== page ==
The federal Department of Health was established in 1919 in the wake of World War I and the H1N1 pandemic (Spanish Influenza) and has responded to a wide range of public health crises- from tuberculosis, syphilis, polio, SARS and AIDS, to “non-infectious epidemics” such as obesity and the opioid crisis. However, the past 9 months with COVID-19 have been the most challenging during the last century for Canada’s public health system.
Following the SARS epidemic, the “Naylor Report” commissioned by the federal minister of health concluded that public health needed to strengthen its infrastructure to enable it to respond to the full range of health threats. The report also drew attention to the longstanding underfunding of public health in relation to the total health care budget. COVID-19 has brought into focus the limitations of our current system and the clear need for readily available surge capacity for epidemic-related diagnostic testing, contact tracing, isolation/quarantine, and border services.
The World Bank June 2020 Global Economic Prospects forecasts a 5.2% contraction in global GDP in 2020 related to COVID-19. This puts into perspective the anticipated large return on investment associated with optimizing public health capability, both domestically and globally in order to control the spread of serious infections with pandemic potential. For example, the current economic projections for GDP are much more favourable in some jurisdictions which have been more successful in controlling the pandemic, such as South Korea and Taiwan.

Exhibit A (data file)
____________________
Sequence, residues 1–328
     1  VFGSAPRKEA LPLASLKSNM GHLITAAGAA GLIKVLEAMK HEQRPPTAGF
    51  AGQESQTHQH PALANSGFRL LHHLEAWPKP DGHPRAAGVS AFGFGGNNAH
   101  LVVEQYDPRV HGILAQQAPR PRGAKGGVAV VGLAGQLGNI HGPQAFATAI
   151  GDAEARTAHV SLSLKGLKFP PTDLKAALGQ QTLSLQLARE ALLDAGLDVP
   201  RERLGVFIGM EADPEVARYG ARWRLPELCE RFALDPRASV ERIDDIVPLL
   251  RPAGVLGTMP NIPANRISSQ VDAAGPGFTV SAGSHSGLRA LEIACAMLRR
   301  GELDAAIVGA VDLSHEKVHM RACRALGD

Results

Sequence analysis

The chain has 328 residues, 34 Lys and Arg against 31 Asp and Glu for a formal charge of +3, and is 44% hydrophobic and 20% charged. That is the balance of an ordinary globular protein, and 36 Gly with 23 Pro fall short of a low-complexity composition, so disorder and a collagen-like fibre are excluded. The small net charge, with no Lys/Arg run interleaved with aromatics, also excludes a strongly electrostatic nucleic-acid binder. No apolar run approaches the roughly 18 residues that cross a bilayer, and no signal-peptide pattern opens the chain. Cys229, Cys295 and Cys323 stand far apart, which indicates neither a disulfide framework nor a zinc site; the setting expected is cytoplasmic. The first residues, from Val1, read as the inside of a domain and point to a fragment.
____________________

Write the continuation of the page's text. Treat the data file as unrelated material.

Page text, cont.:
Now in the second wave, our public health departments are again struggling to contain COVID-19. There has been some progress with the national App (COVID Alert) for assisting with contact tracing. However, despite its introduction in July, its uptake so far has been much lower than needed. Significant numbers of misplaced test results and a reliance on faxing reports to public health offices in some areas of Ontario have highlighted the need for public health modernization.
Little has been communicated from public health departments with respect to benchmarks or performance metrics related to testing, contact tracing, quarantine support and adherence, and travel restrictions. The Singapore Ministry of Health has published on the effectiveness of its COVID-19 containment measures, including the mean interval from symptom onset to isolation. As different regions try to open up their economies, the availability of such metrics (including testing wait times and turn-around times) would help in the assessment of regional capability for containing COVID-19.
In addition, due to inadequate federal support for enhanced border services, in May the British Columbia government took over the responsibility for ensuring adequate staffing of its US border in order to implement the required restrictions and travel-related quarantine.